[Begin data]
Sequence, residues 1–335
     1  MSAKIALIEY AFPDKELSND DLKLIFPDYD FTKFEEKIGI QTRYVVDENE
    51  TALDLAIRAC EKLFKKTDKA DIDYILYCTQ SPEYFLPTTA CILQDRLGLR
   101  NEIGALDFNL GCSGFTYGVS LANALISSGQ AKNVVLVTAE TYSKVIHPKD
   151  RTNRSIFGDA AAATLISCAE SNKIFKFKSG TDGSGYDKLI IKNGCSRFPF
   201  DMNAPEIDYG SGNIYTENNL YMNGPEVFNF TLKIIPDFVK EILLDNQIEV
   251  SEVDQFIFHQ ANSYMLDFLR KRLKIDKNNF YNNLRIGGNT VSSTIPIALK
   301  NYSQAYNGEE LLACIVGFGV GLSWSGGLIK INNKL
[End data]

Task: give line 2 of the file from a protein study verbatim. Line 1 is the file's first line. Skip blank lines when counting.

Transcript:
     1  MSAKIALIEY AFPDKELSND DLKLIFPDYD FTKFEEKIGI QTRYVVDENE